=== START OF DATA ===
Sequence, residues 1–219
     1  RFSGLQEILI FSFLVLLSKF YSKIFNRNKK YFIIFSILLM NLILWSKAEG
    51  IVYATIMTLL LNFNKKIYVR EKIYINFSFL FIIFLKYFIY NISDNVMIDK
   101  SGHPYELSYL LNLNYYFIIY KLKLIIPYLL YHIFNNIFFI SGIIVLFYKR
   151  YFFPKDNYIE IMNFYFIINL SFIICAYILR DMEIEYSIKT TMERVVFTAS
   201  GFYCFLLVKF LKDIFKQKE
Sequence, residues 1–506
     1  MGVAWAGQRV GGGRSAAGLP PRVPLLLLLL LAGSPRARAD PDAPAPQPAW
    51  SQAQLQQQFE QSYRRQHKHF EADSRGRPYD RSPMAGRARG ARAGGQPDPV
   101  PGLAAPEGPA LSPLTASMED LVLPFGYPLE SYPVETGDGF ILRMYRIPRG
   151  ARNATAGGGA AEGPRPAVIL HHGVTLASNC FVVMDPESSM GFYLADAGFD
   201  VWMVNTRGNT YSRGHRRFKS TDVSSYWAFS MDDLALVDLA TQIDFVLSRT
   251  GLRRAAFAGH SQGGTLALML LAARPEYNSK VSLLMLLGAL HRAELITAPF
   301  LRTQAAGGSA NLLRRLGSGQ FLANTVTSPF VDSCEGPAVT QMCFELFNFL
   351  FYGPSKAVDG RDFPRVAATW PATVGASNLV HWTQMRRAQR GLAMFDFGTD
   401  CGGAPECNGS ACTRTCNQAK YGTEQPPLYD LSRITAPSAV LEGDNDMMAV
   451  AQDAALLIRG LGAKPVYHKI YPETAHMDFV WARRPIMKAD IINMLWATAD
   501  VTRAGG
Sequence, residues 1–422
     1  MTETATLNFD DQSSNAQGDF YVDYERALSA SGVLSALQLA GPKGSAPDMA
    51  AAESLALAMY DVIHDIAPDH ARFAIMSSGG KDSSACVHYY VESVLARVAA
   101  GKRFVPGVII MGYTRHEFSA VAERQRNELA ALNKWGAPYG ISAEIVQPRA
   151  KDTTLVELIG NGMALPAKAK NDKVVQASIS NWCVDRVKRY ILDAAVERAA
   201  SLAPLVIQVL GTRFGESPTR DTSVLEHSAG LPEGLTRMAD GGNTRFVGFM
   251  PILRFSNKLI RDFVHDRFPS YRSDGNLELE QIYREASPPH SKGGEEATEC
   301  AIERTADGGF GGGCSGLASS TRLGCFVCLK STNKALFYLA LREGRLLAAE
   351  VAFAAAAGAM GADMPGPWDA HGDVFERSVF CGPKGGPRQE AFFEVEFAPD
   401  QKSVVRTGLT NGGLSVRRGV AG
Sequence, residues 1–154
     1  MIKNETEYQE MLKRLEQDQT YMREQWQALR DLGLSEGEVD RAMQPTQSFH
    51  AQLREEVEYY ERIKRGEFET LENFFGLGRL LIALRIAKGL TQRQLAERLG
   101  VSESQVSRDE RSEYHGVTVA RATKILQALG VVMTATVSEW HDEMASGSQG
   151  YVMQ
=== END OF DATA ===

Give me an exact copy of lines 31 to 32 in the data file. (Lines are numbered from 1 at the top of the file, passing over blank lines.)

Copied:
    51  AQLREEVEYY ERIKRGEFET LENFFGLGRL LIALRIAKGL TQRQLAERLG
   101  VSESQVSRDE RSEYHGVTVA RATKILQALG VVMTATVSEW HDEMASGSQG